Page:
Congratulations to Dr Chloe Johnson for being awarded a Sir Henry Wellcome Postdoctoral Fellowship at the CIMR. With Professor Folma Buss, Chloe will be investigating the spatial and temporal regulation of immune-specific myosin motors. In collaboration with Ludwig Maximilian University of Munich and University of Kent, Chloe will use a multidisciplinary approach to uncover the role of these myosins in neuroinflammation.


Senior Academic Promotion

Congratulations to CIMR Principal Investigator Dr Mike Weekes on his promotion to University Reader.


New Wellcome Trust Fellowship award at CIMR

We are pleased to welcome Dr Anna Helena Lippert as Sir Henry Wellcome Postdoctoral Fellow at the CIMR. With Professor Gillian Griffiths as sponsor, Anna’s four year project will focus on visualisation of mechanical forces within T cells as they kill targets.


Published commentary on haemoglobin and COVID-19.

There was some recent interest in a preprint article (https://tinyurl.com/rsngw5r) which used computer modelling (but no experimental data) to propose that the COVID-19 virus ‘attacks’ haemoglobin in the blood of patients. The preprint has been the basis for claims that COVID-19 is not actually a lung disease. In response, the CIMR’s Prof. Randy Read has provided a follow-up critique in the same preprint repository which argues that from bioinformatic, thermodynamic and structural biology perspectives, the methods from the original article were fatally flawed (https://tinyurl.com/y9vm8feq). As a result, there is no reason to suspect that the virus attacks haemoglobin.

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Professor Michael Wakelam 1955-2020

We were shocked and saddened by the loss of Michael Wakelam following a suspected COVID-19 infection. Michael was a renowned scientist and a kind, thoughtful and inspiring colleague. In addition to his Director’s role at Babraham, Michael held an Honorary Professorship at the University of Cambridge Clinical School, and was a long-term supporter and friend to CIMR with a great interest in cell biology and our research. Many CIMR researchers enjoyed scientific collaborations and discussions with Michael, and he will be sadly missed. Our deepest condolences are extended to Michael’s family.


Wellcome Trust Senior Research Fellowship for CIMR Principal Investigator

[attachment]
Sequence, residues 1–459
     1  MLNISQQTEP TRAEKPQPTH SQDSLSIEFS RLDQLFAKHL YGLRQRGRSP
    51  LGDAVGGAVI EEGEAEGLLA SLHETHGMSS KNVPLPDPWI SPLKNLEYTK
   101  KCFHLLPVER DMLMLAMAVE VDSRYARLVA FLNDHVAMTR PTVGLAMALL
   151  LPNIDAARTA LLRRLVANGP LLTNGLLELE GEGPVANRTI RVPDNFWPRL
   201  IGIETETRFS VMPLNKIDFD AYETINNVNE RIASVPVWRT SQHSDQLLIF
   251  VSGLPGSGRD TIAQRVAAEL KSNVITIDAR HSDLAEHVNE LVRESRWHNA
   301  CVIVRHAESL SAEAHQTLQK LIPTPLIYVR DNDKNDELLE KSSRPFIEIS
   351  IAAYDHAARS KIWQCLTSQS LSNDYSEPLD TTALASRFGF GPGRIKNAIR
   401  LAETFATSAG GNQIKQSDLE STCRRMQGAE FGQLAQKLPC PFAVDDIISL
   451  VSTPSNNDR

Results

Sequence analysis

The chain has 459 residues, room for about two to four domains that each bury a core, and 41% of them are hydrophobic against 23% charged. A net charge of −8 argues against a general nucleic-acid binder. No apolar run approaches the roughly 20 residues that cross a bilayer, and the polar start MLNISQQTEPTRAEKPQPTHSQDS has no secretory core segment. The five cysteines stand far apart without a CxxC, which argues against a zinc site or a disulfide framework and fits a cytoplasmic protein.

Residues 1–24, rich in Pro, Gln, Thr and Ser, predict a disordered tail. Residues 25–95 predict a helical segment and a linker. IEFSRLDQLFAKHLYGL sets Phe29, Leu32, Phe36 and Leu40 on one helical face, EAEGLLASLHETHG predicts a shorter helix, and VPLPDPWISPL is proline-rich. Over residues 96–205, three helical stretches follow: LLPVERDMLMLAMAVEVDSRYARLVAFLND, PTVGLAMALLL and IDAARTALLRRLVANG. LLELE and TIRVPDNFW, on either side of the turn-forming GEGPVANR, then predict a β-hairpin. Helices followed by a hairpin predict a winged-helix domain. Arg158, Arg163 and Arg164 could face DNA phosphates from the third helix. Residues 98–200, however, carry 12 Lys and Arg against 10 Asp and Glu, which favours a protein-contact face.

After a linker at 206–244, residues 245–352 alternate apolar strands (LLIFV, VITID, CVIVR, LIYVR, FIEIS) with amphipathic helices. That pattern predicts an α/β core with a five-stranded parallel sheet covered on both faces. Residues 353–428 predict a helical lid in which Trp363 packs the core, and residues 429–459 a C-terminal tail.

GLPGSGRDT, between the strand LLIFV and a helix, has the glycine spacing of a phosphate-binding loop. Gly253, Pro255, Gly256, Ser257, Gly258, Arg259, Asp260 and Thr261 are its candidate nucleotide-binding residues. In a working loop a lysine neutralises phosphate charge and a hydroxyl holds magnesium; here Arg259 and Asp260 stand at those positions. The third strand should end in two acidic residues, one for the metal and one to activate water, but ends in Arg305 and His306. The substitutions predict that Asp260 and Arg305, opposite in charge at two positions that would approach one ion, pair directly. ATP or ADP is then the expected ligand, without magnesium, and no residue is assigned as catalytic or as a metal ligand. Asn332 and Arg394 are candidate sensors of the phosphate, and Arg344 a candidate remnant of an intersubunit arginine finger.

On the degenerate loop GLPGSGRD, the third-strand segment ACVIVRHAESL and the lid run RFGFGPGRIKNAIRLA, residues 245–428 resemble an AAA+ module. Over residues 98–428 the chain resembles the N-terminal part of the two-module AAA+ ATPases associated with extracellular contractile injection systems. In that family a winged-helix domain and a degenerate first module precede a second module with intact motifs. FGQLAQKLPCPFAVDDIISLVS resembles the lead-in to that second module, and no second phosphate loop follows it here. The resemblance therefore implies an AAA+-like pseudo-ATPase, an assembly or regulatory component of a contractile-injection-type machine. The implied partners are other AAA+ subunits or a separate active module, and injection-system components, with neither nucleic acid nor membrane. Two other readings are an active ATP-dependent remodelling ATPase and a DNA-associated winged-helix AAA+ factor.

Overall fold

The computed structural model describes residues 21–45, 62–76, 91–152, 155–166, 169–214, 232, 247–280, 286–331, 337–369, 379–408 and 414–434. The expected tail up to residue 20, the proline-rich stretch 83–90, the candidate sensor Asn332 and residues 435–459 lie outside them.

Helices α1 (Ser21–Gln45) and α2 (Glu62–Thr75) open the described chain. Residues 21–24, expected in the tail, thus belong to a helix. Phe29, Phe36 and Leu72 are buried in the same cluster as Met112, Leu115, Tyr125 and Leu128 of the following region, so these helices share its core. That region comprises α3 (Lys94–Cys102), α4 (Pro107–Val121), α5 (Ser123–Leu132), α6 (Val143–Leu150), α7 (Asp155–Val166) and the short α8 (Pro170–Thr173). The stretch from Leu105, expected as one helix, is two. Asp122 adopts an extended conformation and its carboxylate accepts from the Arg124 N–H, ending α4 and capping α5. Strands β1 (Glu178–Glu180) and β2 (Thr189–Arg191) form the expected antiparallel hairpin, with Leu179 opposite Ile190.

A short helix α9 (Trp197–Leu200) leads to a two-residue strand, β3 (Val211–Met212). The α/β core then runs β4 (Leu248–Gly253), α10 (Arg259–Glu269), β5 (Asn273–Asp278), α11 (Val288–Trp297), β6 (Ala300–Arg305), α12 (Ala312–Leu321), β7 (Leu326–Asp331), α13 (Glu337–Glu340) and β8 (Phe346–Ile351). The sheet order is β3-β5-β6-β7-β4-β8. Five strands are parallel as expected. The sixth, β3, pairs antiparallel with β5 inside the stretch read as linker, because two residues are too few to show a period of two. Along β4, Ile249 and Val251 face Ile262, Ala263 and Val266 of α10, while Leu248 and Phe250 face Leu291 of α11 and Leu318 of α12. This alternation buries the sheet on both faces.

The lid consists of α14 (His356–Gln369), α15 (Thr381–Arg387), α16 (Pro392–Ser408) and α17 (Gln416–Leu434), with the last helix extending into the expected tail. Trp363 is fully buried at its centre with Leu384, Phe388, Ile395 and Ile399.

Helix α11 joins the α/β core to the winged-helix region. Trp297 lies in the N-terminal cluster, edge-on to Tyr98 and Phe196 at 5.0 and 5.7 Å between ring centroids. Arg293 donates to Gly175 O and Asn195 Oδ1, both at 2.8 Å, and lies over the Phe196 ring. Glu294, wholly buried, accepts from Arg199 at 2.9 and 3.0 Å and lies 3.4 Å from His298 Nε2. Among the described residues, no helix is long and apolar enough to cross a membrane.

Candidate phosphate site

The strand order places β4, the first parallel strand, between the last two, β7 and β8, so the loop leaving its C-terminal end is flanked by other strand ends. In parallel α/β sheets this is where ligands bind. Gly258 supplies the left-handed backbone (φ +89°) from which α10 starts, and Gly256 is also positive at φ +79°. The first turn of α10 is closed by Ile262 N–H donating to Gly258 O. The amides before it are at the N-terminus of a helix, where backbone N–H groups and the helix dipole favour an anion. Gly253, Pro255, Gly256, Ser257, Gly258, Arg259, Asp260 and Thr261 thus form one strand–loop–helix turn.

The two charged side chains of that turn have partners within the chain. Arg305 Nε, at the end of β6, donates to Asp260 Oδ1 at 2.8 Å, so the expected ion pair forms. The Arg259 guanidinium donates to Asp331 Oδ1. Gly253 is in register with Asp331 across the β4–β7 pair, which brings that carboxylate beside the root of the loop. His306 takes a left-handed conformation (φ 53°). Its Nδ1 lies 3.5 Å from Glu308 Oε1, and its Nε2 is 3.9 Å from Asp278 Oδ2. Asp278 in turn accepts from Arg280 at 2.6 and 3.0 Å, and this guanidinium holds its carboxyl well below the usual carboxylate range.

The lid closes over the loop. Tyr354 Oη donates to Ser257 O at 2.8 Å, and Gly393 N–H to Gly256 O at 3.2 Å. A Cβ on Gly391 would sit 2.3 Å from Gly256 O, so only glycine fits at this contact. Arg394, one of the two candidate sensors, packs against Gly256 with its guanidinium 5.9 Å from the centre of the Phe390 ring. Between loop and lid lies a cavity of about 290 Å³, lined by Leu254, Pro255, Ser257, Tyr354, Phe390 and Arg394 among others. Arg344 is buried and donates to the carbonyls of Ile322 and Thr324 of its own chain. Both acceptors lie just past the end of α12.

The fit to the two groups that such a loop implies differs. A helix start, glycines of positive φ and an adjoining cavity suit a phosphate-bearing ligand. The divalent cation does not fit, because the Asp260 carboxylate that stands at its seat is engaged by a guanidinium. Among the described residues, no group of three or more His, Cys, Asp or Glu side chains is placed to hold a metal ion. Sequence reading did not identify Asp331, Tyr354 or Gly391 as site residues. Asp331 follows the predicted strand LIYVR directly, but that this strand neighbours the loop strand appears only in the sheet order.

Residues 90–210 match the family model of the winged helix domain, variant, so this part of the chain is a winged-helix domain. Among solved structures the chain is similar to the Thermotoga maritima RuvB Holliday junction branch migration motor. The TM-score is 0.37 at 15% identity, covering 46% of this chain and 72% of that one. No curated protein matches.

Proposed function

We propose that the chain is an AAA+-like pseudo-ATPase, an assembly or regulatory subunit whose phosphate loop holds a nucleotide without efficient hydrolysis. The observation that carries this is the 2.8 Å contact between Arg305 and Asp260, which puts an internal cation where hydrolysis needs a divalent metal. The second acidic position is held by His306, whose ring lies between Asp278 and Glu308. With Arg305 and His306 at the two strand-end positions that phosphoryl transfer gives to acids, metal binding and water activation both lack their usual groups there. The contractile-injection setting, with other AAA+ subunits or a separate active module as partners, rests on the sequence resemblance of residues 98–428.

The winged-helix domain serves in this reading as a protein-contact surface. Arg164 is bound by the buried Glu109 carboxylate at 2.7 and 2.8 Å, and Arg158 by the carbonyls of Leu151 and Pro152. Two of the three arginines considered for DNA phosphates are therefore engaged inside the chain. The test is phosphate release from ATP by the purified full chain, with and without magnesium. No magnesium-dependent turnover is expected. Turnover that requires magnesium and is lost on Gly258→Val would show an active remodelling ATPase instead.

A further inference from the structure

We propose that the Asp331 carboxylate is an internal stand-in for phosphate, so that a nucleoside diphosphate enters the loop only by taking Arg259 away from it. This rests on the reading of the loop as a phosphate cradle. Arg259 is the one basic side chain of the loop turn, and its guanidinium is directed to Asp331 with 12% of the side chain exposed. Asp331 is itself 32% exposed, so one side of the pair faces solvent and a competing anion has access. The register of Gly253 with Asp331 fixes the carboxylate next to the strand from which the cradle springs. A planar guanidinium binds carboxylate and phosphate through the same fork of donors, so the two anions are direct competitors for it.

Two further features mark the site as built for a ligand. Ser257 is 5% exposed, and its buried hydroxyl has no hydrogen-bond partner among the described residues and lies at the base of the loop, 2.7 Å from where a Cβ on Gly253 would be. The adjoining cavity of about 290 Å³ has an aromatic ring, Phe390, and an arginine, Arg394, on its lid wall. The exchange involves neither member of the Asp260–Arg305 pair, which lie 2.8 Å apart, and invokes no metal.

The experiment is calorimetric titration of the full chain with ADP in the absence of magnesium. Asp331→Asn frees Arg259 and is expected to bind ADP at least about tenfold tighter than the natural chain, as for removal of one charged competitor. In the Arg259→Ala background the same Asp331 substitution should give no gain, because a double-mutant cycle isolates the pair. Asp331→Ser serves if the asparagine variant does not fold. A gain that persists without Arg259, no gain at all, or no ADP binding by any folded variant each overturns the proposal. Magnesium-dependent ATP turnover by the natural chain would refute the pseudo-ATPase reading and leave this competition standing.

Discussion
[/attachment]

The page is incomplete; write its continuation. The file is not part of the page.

Congratulations to CIMR’s Dr Janet Deane for being awarded a highly prestigious Wellcome Trust Senior Research Fellowship to study how glycosphingolipids modulate protein trafficking in the cell. Using powerful multidisciplinary approaches Dr Deane’s research will identify how imbalances in glycosphingolipid metabolism cause a range of devastating early-onset neurodegenerative diseases.


CIMR-generated tools used in a new structural biology study of coronavirus (2019-nCoV)

A range of different research expertise is needed in the global response to the ongoing 2019-nCoV outbreak. This week, researchers from the University of Texas at Austin and the (US) National Institutes of Health published in Science a detailed structure of the coronaviral Spike glycoprotein, 2019-nCoV S. This protein is found on the outside of the virus and is thought to enable it to enter and infect its human host cells. 2019-nCoV S is therefore a key target for the development of vaccines and therapeutic antibodies, and efforts to develop such treatment approaches will be facilitated greatly by a detailed molecular understanding of its structure and mechanisms of action. In recent years there has been considerable progress in the technologies available to determining protein structure, particularly the advent of cryo-electron microscopy, or cryo-EM, which is significantly changing the rate at which new structures can be solved. Accompanying this is the need for software to provide accurate interpretation of highly complex structural data through modelling algorithms. At the CIMR, Professor Randy Read’s group has provided key components to software platforms that have been widely-used in generating tens of thousands of published protein structures. Both ISOLDE (developed by Dr Tristan Croll) and the PHENIX platform to which the Read lab has contributed were cited in the recent 2019-nCOV S structure paper, helping to enable and accelerate the rapid generation of these important data.


New Wellcome Trust Fellowship award for CIMR early-career researcher

Congratulations to Dr Jonny Nixon-Abell who was awarded a Sir Henry Wellcome Postdoctoral Fellowship at the CIMR. With Professor Peter St George-Hyslop as sponsor, Jonny’s four-year project is ‘to explore mechanisms of protein recruitment to specific organelle subdomains in the context of health and neurodegenerative disease’. He will focus on interactions between endoplasmic reticulum proteins and the functional organisation of a group of cytosolic partners.


Medal Lecture from CIMR Principal Investigator